The current furor over who, if anyone, in the White House leaked anything about Joe Wilson’s wife and whether that leak, if it occurred, constitutes a crime is off the mark.
My concern is about something far more ominous. It is what I see to be a systematic pattern of conduct being carried out by elements within the Central Intelligence Agency constituting a virtual covert operation against the Bush White House – a covert operation designed to protect the spy agency’s turf and deflect charges of incompetence.
All the elements are in place: repeated leaks of selective classified information and tawdry political use of pre-war intelligence. But this is a story most of the media have chosen to ignore.
Let me get a few things straight right away. I support a strong CIA and oppose virtually all of the restrictions liberals have imposed on it over the past three decades. Also, as a practitioner of New York politics for those same three decades, I’m no stranger to inelegant turf battles.
But it’s one thing to fight over a sewer contract or a highway project and quite another to put a bureaucracy’s parochial interest before the national interest – particularly when our nation is in a war for survival against international terrorism. Sadly, that is what the CIA did after 9/11 and what it continues to do in the aftermath of the war in Iraq.
There’s no doubt the CIA missed a lot of signals leading up to 9/11. Whether there were enough signals to prevent the attacks – or, in the popular term of art, enough dots to connect – is another question. In any event, President Bush decided against seeking scapegoats.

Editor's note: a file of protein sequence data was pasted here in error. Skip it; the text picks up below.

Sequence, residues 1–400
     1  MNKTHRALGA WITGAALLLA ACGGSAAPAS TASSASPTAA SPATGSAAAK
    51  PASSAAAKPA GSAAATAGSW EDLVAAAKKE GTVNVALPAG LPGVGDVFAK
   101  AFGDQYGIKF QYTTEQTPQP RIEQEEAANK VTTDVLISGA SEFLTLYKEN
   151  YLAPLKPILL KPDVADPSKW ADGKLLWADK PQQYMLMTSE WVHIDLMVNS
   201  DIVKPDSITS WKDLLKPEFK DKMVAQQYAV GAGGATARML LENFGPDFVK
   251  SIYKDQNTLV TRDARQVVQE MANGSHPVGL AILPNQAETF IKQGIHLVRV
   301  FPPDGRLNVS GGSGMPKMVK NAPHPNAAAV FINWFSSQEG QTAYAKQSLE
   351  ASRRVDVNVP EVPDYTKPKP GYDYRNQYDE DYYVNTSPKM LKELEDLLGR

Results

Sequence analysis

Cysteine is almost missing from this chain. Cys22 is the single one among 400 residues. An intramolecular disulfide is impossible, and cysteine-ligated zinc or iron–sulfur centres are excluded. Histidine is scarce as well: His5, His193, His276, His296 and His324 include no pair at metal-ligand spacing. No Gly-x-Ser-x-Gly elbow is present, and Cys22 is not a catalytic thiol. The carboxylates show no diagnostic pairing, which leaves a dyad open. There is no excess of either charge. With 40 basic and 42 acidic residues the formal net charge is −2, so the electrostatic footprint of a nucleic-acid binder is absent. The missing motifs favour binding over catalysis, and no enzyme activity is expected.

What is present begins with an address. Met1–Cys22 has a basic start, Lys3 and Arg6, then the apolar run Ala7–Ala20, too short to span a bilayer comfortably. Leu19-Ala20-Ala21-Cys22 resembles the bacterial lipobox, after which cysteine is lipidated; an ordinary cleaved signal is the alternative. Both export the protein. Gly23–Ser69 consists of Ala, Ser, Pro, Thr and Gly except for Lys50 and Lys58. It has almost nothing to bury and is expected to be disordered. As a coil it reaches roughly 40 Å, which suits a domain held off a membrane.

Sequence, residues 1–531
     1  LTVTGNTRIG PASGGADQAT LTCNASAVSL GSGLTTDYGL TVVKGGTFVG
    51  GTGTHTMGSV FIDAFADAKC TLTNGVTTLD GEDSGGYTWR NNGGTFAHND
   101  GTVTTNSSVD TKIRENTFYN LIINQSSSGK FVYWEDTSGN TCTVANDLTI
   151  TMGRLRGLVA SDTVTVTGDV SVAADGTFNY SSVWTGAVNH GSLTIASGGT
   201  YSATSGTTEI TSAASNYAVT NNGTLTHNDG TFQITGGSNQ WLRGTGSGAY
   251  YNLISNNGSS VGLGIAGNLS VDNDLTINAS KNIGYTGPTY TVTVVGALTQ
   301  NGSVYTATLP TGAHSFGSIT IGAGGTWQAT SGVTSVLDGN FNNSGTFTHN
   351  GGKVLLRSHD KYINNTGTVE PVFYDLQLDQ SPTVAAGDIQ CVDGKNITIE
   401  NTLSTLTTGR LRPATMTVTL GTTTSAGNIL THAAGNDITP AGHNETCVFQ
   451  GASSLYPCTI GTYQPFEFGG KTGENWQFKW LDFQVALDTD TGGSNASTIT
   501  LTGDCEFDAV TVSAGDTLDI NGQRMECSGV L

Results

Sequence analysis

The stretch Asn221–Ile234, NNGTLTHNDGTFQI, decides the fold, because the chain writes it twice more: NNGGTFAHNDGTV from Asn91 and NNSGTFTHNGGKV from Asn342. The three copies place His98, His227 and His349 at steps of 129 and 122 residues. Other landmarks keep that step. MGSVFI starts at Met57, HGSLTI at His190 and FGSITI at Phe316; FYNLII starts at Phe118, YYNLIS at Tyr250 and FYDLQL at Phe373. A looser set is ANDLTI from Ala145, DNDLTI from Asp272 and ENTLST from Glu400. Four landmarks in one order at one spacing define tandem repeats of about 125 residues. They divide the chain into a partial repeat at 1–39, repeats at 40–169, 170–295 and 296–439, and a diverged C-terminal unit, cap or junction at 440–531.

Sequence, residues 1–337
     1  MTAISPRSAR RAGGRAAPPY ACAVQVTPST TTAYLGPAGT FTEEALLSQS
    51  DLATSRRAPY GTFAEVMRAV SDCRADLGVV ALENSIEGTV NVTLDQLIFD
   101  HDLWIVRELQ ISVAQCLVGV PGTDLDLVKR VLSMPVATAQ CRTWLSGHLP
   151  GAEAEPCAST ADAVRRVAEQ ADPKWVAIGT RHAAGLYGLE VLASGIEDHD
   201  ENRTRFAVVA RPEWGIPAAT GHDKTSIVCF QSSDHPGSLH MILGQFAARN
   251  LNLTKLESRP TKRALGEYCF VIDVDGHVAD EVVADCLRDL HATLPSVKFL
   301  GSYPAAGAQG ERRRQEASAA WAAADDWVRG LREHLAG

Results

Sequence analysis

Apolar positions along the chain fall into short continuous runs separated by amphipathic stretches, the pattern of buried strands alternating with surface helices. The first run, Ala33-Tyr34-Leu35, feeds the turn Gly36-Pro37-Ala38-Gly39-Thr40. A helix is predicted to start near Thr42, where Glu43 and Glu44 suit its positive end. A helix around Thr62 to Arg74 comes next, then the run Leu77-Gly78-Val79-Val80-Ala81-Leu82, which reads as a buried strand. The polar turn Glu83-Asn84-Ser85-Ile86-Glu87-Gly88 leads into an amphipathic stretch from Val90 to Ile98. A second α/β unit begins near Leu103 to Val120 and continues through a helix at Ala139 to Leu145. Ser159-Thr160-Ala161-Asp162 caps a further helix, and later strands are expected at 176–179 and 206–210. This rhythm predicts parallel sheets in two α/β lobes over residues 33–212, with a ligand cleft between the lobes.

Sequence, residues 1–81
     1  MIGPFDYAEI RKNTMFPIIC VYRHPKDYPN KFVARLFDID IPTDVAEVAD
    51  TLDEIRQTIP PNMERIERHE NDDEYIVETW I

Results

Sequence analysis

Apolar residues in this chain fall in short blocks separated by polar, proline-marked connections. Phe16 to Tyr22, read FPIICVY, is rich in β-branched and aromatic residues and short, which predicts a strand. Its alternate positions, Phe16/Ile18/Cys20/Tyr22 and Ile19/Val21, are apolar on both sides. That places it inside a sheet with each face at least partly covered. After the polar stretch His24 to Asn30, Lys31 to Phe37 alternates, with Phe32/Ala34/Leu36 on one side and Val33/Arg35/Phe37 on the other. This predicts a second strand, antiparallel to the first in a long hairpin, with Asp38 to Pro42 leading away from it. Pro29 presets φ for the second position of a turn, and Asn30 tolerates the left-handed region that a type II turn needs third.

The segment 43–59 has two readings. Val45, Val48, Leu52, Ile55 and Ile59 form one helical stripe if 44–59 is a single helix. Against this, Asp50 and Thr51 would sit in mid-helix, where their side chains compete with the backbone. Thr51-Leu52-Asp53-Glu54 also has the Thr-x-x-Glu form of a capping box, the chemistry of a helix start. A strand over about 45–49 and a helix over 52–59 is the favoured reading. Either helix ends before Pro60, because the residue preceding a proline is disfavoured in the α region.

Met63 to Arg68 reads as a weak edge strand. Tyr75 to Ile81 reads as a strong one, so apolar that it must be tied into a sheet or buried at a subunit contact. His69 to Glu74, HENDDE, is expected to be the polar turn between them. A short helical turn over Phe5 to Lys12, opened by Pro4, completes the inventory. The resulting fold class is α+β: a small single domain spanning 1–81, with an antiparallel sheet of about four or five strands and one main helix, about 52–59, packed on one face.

We were entering into a new and dangerous war and the president did not want to disrupt the national security leadership – so he reaffirmed his support of CIA Director George Tenet and no heads were made to roll.
Unfortunately, the CIA has not seen fit to return that loyalty – either to President Bush or to the national interest.
Consider the following:
The resultant political firestorm succeeded in diverting attention from the CIA. It took several days to realize that this supposed warning consisted primarily of a 3-year-old intelligence report indicating that terrorists might hijack planes to obtain the release of prisoners and that no time frame was given.
The Wilson incident raises troubling issues and serious concerns. Why did the CIA entrust a non-CIA man with such a sensitive assignment? Wasn’t the CIA aware that Wilson opposed the Bush policy in Iraq? How extensive was Wilson’s investigation? Why didn’t the CIA take action against Wilson when he went public against Bush and revealed the details of his mission?
Why didn’t the CIA point out that Wilson’s investigation never addressed what the president said in his State of the Union speech, that the British source was separate from the CIA’s and that the British stand by their finding to this day. In other words, that despite Wilson’s posturing and outrage, everything the president said about Niger was true.
Against this backdrop, isn’t the position of Wilson’s spouse at the CIA a matter of legitimate concern or debate? Isn’t it more significant that we have a rogue spy machine operating at cross purposes with our national interest than who said what to Robert Novak?
And how much credibility should we give to Wilson, who shows off pictures of his wife, comparing her to an actress in a TV spy drama?
America is at war with international terrorism. For us to win that war, the CIA must be focusing its attack on Islamic fundamentalists – not spreading disinformation against the elected leaders of our nation.
The CIA must be made to realize that we don’t have the luxury of being at war with ourselves. For the CIA to get that message, perhaps the time has come for some heads to roll.